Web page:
Swastikas all over Twitter – what you need to do

Today’s huge security SNAFU was the widepsread appareance of swastikas and Nazi taunts all across the Twittersphere.

What made this eruption of online hatred particularly unusual was the nature of some of the accounts that had apparently waded in, openly hashtagging both the Germans and the Dutch with the epithet “Nazi”, and referring to an upcoming constitutional referendum in Turkey.

Amnesty International was one organisation that hit the headlines, as this screenshot from Twitter (now removed as a tweet) shows:

The unauthorised tweets not only included offending icons and hashtags in their body text, but also linked to a YouTube video talking up Recep Erdoğan, the current President of Turkey.

As well as tweeting from affected accounts, the cybercrooks behind this attack also changed the profile pictures on many accounts to an image of the Turkish flag.

Starbucks Argentina is probably the most widely reported of those accounts because it continued to display the Turkish flag long after many other companies had repaired the damage, perhaps because of the timezone difference.

We’re happy to report that @StarbucksAr is back to normal now:

What happened?

As far as we know so far, this wasn’t a breach at Twitter itself.

It seems to have been an as-yet-undisclosed security blunder at a third-party company called Twitter Counter, which offers Twitter services that help you collect analytical statistics, deliver adverts, and more.

Legitimate third-party Twitter apps don’t actually store, or even know, your password, so they can’t take over your account entirely (and dodgy ones can’t try out your password on other sites, either).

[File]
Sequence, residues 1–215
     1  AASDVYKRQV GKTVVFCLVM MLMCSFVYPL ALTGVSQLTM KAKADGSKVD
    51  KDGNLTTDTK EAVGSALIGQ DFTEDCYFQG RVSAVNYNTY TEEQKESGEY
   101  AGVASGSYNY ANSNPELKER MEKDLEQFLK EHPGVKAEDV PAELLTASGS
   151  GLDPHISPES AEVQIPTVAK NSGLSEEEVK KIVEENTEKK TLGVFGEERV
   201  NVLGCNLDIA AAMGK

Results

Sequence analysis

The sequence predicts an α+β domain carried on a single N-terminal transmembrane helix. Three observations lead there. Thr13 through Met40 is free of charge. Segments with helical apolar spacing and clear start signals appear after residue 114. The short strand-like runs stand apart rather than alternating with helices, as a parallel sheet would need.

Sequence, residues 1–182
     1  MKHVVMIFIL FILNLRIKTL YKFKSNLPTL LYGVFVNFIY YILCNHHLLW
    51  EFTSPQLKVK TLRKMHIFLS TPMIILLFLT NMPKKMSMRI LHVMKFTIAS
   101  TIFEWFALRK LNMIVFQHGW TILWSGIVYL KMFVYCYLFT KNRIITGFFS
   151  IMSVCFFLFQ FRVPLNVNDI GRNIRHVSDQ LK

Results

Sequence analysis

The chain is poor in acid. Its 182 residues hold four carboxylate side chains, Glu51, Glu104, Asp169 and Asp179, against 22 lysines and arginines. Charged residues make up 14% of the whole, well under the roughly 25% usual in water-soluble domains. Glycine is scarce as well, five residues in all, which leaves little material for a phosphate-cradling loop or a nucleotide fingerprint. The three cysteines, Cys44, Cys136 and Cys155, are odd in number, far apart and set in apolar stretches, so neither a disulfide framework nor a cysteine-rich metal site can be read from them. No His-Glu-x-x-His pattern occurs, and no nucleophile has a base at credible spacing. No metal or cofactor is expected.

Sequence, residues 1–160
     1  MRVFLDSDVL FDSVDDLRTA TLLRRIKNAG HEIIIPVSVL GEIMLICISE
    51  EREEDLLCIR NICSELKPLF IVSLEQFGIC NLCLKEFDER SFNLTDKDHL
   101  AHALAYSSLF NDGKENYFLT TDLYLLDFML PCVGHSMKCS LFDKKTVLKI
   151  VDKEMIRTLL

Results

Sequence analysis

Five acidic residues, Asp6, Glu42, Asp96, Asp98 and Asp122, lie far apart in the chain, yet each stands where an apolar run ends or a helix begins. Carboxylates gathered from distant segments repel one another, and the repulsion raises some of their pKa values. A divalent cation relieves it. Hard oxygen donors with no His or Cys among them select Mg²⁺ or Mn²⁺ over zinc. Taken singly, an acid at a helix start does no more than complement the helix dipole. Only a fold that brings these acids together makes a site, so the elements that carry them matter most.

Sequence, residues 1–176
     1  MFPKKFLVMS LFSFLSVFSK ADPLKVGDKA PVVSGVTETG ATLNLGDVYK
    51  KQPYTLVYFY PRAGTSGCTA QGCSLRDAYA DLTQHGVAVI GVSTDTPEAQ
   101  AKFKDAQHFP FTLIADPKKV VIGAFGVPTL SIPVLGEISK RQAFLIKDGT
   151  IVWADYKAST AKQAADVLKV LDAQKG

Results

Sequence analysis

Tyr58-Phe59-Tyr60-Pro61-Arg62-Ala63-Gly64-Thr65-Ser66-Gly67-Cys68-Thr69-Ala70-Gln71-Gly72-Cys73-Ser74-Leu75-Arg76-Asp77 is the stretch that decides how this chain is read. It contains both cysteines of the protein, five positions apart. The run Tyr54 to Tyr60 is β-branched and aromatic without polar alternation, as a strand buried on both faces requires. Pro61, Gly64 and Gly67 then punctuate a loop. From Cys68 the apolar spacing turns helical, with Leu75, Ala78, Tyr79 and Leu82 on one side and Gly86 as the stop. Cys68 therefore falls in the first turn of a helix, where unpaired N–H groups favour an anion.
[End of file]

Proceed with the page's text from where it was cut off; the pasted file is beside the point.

But when you activate Twitter services such as Hootsuite, Twitpic, Twitter Counter and many others, you nevertheless authorise them, via a security token issued by Twitter, to perform certain actions on your account.

(Note that when we say “apps” in this context, we aren’t referring only to mobile software packages like Twitter’s own apps for Android, Windows Phone and iOS, but also to online services that you can configure to run your account semi-automatically in your absence.)

If any of those third-party services get hacked, or turn out to have an exploitable vulnerability that lets crooks issue commands to other people’s accounts remotely, then the sanity and sanctity of your own Twitter feed is at risk.

And that’s part of the problem here.

Services that you have authorised to access your account at any time in the past can continue to do so, even after you log off from Twitter in your own browser, or after you logout via the Twitter software on your mobile phone.

What to do right now?

According to reports from Twitter and Twitter Counter, Twitter Counter’s access to existing customer accounts was revoked, thus automatically preventing any further abuse .

At the time of writing [2017-03-15T15:15Z], Twitter Counter’s service appears to be “temporarily down for maintenance”:

The company rather sweetly says that it will be back online shortly, and is “just fine tuning the experience”.